Java 8 in a JEE Environment
brian.goetz at oracle.com
Tue Apr 16 08:03:11 PDT 2013
> I have suggested something along these lines before:
> The most relevant part of Brian's response was:
> "We're working with the EE folks to figure out what our options are.
> The right answer may well be to fall back to sequential in some
> I still think not providing first class support for Java EE is going
> to cause a lot of damage in the wild.
The hard part -- and this has been the subject of much discussion with
the EE team -- is what exactly *does* first-class support for Java EE
mean in this context?
For example, consider the following code:
list.parallelStream().forEach(e -> e.remoteEjbInvocation());
What are your expectations about what should happen here? Do you expect
security and transaction context to be propagated to the pool thread?
What tradeoffs are you willing to tolerate to enable this to work? Are
you willing to impose a 100x parallelism hit to make this work? Are you
willing to impose that hit on *every* parallel use case, even those that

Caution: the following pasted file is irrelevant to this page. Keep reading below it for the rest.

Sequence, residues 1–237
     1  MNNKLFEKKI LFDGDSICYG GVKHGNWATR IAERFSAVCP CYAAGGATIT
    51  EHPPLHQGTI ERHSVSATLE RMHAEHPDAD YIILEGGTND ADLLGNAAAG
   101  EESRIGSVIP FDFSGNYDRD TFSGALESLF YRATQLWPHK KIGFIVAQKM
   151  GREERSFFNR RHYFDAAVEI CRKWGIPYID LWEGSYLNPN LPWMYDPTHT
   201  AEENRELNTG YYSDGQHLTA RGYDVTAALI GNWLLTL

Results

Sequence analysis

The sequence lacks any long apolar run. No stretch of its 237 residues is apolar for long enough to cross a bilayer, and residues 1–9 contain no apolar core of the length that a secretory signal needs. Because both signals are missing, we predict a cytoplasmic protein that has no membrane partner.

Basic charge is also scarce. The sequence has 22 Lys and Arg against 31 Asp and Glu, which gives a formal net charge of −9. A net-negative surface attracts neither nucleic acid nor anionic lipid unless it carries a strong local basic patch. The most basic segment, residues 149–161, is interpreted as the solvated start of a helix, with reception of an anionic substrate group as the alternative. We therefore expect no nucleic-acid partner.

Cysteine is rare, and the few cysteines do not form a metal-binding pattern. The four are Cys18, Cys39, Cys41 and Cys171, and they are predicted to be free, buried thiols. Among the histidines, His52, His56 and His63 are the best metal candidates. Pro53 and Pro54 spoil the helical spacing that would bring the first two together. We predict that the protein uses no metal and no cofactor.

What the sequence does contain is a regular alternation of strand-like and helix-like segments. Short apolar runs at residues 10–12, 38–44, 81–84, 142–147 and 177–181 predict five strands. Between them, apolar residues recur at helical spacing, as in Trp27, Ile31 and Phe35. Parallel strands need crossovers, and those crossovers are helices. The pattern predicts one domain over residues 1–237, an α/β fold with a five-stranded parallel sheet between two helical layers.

just want to add up some numbers, not just those that actually need
access to the application context? What about the security and
isolation implications? Is it fair to subtly encourage ill-behaved
clients to lock up the FJ pool threads with long-running tasks like IO,
even though this is clearly far outside the design center of FJ?
The bottom line is that it's really easy to stand up and say "it should
do the right thing", but it is far from obvious what the right thing is,
and how much we should be willing to punish use case A in order to
enable use case B. (If the right thing were obvious and free, it would
have already been done.)
EE containers have long used the standard trick of intercepting access
to thread pools, and setting up context before the user code executes in
it. That works great for millisecond-scale tasks like web page hits.
That falls apart completely for nanosecond-scale tasks (because the
setup cost effectively folds into the serial fraction of Amdahl's Law).
So trying to apply the usual thread-pool tricks to fork-join pools
virtually guarantees it would be better to just turn parallelism off
entirely -- which is not the outcome anyone wants.
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